4. Rashmi Bansal et al., Root Canal Configurations www.jcdr.net Type III: Three canals at root tip without any connection. Type IV: Extension of main canal resulting in a shape of tear. Type V: Two canals with complete connection between them. • • Configuration gulabivala k et al Sert S 3-1 Type I Type XVIII 3-2 Type II Type XV • 2-3 Type III Type XVI 2-1-2-1 Type IV Type XIX 4-2 Type V Type XIV LIMITATION Classification proposed by Weine FS et al., [8] Vertucci FJ • et al., [9] were the most commonly used classification by various researchers in their studies [19], Apart from eight types of root canal configurations suggested by Vertucci FJ et al., additional types were reported in various studies [12-15,19,20]. Advanced 3D imaging technology has revealed that the • morphological characteristics of root canal system are highly complex and many canal configuration cannot be described even by Gulabivala K classification [21-24]. Another limitation of these classifications is that it did • not explain in which root of multi-rooted teeth canals are encased [25]. Division or union of canals is taking place in which part of • rootcanal. Division of canal in the coronal, middle or apical third will be coded same e.g., 1-2-1 can be coded for all canals in which bifurcation is taking place at coronal third, middle third or apical third. In Weine FS [8] Type II/Vertucci FJ [9] Type II (2-1), Vertucci FJ [9] Type III (1-2-1), AlQudah AA [15] Type XXII (3-2-1) two canals are uniting into one, but in which part of root canal space two canals are uniting is not clear [26]. These classifications do not consider the position of apical • foramen through which root canal exit [27]. The assessment of apical canal configurations may vary • e.g., some apical bifurcations could either be classified as an apical delta/ramification or a division from the main canal (Type 1-2) [28]. It is difficult to memorize all classifications and hence • Vertucci FJ [9] classification and additional configuration given by Gulabivala K [12] are the main classification used for communication purposes [29,30]. Further there was difference in nomenclature in other • classification also for e.g., Al–Qudah AA [15] classified Type XX, Type XXI, Type XXII as (2-3-1),(2-3-2), (3-2-1) respectively; while Sert S [13] coined Type XX, Type XXI, Type XXII as (4-4), (4-1), (5-4) respectively [Table/Fig-7] 4-4 Type VI Type XX 5-4 Type VII Type XXII [Table/Fig-8]: Different category assigned to same configuration As newer and newer configurations are reported in studies, it is difficult to classify them into groups by classifying them; instead they should be named individually by a simple nomen clature system which can define a particular configuration. V. morphological Features to be Considered while giving a nomenclature System: Tooth type • Root in which configuration is encased • Root canal configuration from orifice to apex • Location at which root canal exit from root apex. • Anatomic variations like radix molar, C shaped canal etc • VI. new proposal: [table/Fig­9] Tooth number: The tooth number can be written using FDI • system of nomenclature. Nomenclature of root written on the right side of the tooth • number. The course of the canal in each root mentioned in round • brackets written on right side of the nomenclature of each root. Number of foramen through which canal is exiting at the • apex is mentioned after putting slash to course of canal. Proposal for anatomic variations: • C- Shape canal can be mentioned by letter “C” added to • the left of the tooth number. The fusion between canals can be depicted (-) between canals Taurodontism can be mentioned by adding letter “T” • added to the left of the tooth number. Single root can be mentioned by adding letter “R” added • to the right of the tooth number. Individual names like Radix paramolaris, Radixentomolaris, • middle mesial canal etc., are not required. Additional root of Radix paramolaris can be written Mesiobuccal (MB) or Distobuccal (DB) and similarly additional root of type Sert S al–Qudah aa Type XX (4-4) (2-3-1) Type XXI (4-1) (2-3-2) Type XXII (5-4) (3-2-1) [Table/Fig-7]: Different configuration assigned for same category Different types were assigned by different classification system to a same configuration e.g., 3-1 configuration was assigned Type I by Gulabivala K [12] and Type XVIII by Sert S [13] classification system [Table/Fig-8]. IV. Four digit formula according to course of canal in coronal, middle and apical third: Briseno-Marroquin B et al., divided root canal into thirds and gave a digit to each third [31]. Fourth digit was given to number of foramina. But this classification was not clinically applicable, as it is not possible to divide root canal clinically into thirds on intraoral radiographs. Secondly number of foramen cannot be evaluated accurately by intraoral periapical radiographs. • [Table/Fig-9]: The proposed root canal configurations from the pulp chamber to the root apex. 4 4 Journal of Clinical and Diagnostic Research. 2018 May, Vol-12(5): ZE01-ZE05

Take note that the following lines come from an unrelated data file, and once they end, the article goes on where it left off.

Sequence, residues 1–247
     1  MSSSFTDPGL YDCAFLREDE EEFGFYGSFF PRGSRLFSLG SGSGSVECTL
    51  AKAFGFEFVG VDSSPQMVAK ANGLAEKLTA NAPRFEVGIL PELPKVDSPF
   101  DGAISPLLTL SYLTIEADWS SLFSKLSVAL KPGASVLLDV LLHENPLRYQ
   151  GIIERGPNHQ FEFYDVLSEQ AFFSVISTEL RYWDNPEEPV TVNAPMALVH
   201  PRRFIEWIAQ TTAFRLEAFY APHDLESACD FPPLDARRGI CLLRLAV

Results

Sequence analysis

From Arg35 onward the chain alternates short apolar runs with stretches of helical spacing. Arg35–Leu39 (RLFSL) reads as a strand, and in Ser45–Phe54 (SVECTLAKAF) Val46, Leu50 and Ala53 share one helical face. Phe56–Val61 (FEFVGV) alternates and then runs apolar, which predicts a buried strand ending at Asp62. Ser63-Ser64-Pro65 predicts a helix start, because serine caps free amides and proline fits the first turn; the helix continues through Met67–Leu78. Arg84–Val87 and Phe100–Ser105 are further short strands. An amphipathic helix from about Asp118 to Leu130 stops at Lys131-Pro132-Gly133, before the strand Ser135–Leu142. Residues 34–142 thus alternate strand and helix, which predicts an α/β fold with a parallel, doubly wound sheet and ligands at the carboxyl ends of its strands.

5. www.jcdr.net Rashmi Bansal et al., Root Canal Configurations Radix entomolaris as Mesiolingual (ML) or Distolingual (DL) depending on its anatomical position. Similarly middle mesial canal i.e., canal in between MB and ML canal can be written as 3-3, 3-2 or 3-1 depending on the course of middle canal from orifice to apex. For example: 47M(1-2-1-2/2)D(1-1-1/1) can be represented as Right mandibular second molar with mesial root having configuration –one canal arise from pulp chamber, during its course divides into two and then again unite into one and then divide into two which exits through two foramen. In the distal root one canal continues from orifice to apex and exit by one foramen. of mandibular first molars. J Endod. 1997;23:358-62. Gulabivala K, Aung T, Alavi A, Ng YL. Root and canal morphology of Burmese [12] mandibular molars. Int Endod J. 2001;34:359-70. Sert S, Bayirli GS. Evaluation of the root canal configurations of the mandibular [13] and maxillary permanent teeth by gender in the Turkish population. J Endod. 2004;30:391-98. Peiris H, Pitakotuwage T, Takahashi M, Sasaki K, Kanazawa E. Root canal [14] morphology of mandibular permanent molars at different ages. Int Endod J. 2008;41:828-35. Al-Qudah AA, Awawdeh LA. Root and canal morphology of mandibular first and [15] second molar teeth in a Jordanian population. Int Endod J. 2009;42:775-84. Zhang R, Wang H, Tian YY, Yu X, Hu T, Dummer PM. Use of cone-beam [16] computed tomography to evaluate root and canal morphology of mandibular molars in Chinese individuals. Int Endod J. 2011;44:990-99. Silva EJNL, Nejaim Y, Silva AV, Haiter-Neto F, Cohenca N. Evaluation of root canal [17] configuration of mandibular molars in a Brazilian population by using cone-beam computed tomography: an in vivo study. J Endod. 2013;39:849-52. Kim SY, Kim BS, Woo J, Kim Y. Morphology of mandibular first molars analyzed [18] by cone-beam computed tomography in a Korean population: variations in the number of roots and canals. J Endod. 2013;39:1516-21. Jung IY, Seo MA, Fouad AF, Spangberg LSW. Apical anatomy in mesial and [19] mesiobuccal roots of permanent first molars. J Endod. 2005;31:364-68. Ratanajirasut R, Panichuttra A, Panmekiate S. A cone beam computed [20] tomographic study of root and canal morphology of maxillary first and second permanent molars in a Thai population. J Endod. 2018;44:56-61. Wang Y, Zheng QH, Zhou XD, Tang L, Wang Q, Zheng GN, et al. Evaluation of the [21] root and canal morphology of mandibular first permanent molars in a western chinese population by cone beam computed tomography. J Endod. 2010;36:1786-89. Villas-Boas MH, Bernardineli N, Cavenago BC, Marciano M, Carpio-Perochena AD, [22] de Moraes IG, et al. Micro computed tomography study of the internal anatomy of mesial root canals of mandibular molars. J Endod. 2011;37:1682-86. Martins JN, Anderson C. Endodontic treatment of the mandibular first molar [23] with six roots canals - two case reports and literature review. J Clin Dent Res. 2015;9:ZD06-8. Perez-Heredia M, Ferrer-Luque CM, Bravo M, Castelo-Baz P, Ruiz-Pinon M, [24] Baca P. Cone beam computed tomographic study of root anatomy and canal configuration of molars in a Spanish population. J Endod. 2017;43:1511-16. Lee KW, Kim Y, Perinpanayagam H, Lee JK, Yoo YJ, Lim SM, et al. Comparison [25] of alternative image reformatting techniques in micro computed tomography and tooth clearing for detailed canal morphology. J Endod. 2014;40:417-22. Wolf TG, Paque F, Zeller M, Willershausen B, Briseno-Marroquin B. Root canal [26] morphology and configuration of 118 mandibular first molars by means of micro- computed tomography:an ex-vivo study. J Endod. 2016;402:610-14. Somasundaram P, Rawtiya M, Wadhwani S, Uthappa R, Shivagange V, Khan S. [27] Retrospective study of root canal configurations of mandibular third molars using CBCT-Part-II. J Clin Dent Res. 2017;11:ZC55. Ghobashy AM, Nagy MM, Bayoumi AA. Evaluation of root and canal morphology [28] of maxillary permanent molars in Egyptian population by cone beam computed tomography. J Endod. 2017;43:1089-92. Albuquerque DV, Kottor J, Dham S, Velmurugan N, Abarajithan M, Sudha R. [29] Endodontic management of maxillary permanent first molar with 6 root canals: 3 case reports. Oral Surg, Oral Med, Oral Pathol, Oral Radiol and Endod 2010;110:e79-83. Miloglu O, Arslan H, Barutcigil C, Cantekin K. Evaluating root and canal [30] configuration of mandibular first molars with cone beam computed tomography in a Turkish population. Journal of Dental Sciences. 2013;8:80-86. Briseño-Marroquín B, Paqué F, Maier K, Willershausen B, Wolf TG. Root canal [31] morphology and configuration of 179 maxillary first molars by means of micro- computed tomography: an ex vivo study. J Endod. 2015;41:2008-13. • CONCLUSION All classification reported till date has their advantages and limit- ations. The proposed nomenclature system takes into account the tooth type, number of roots and course of canal in each root. This classification is a simple, reliable, accurate and easy for communication as it is guided by course of canal. Further the proposed system can define any new configuration. Hence it can be used both for clinical and research work. REFERENCES Toure B, Faye B, Kane AW, Lo CM, Niang B, Boucher Y. Analysis of reasons [1] for extraction of endodontically treated teeth:a prospective study. J Endod. 2011;37:1512-15. Shetty A. A three dimensional study of variations in root canal morphology using [2] cone-beam computed tomography of mandibular premolars in a south indian population. J Clin Dent Res. 2014;8:22-24. Hess W. 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Variable permanent mandibular first molar: [7] review of literature. J Conserv Dent. 2013;16:99-110. Weine FS, Pasiewicz RA, Rice RT. Canal configuration of the mandibular second [8] molar using a clinically oriented in vitro method. J Endod. 1969;14:207-13. Vertucci FJ. Root canal anatomy of the human permanent teeth. Oral Surg, Oral [9] Med, Oral Pathol. 1984;58:589-99. Kartal N, Yanıkog ˘ lu FÇ. Root canal morphology of mandibular incisors. J Endod. [10] 1992;S18:562-64. Kartal N, Cimilli HK. The degrees and configurations of mesial canal curvatures [11] paRtICulaRS OF COntRIButORS: 1. PhD Scholar, Department of Dentistry, Pacific Academy of Higher Education and Research University, Udaipur, Rajasthan, India. 2. Professor and Head, Department of Pedodontics and Preventive Dentistry, Pacific Dental College and Hospital, Udaipur, Rajasthan, India. 3. Professor and Head, Department of Oral Pathology and Microbiology, Institute of Dental Sciences, Bareilly, Uttar Pradesh, India. name, aDDReSS, e­maIl ID OF the CORReSpOnDIng authOR: Dr. Rashmi Bansal, Flat No: A-4, Prof Qtrs, Rohilk Hand Medical College, Pilibhit Bypass Road, Bareilly, Uttar Pradesh, India. E-mail: bansalrashmidr@rediffmail.com Date of Submission: Dec 04, 2017 Date of Peer Review: Feb 12, 2018 Date of Acceptance: apr 21, 2018 Date of Publishing: may 01, 2018 FInanCIal OR OtheR COmpetIng InteReStS: None. 5 5 Journal of Clinical and Diagnostic Research. 2018 May, Vol-12(5): ZE01-ZE05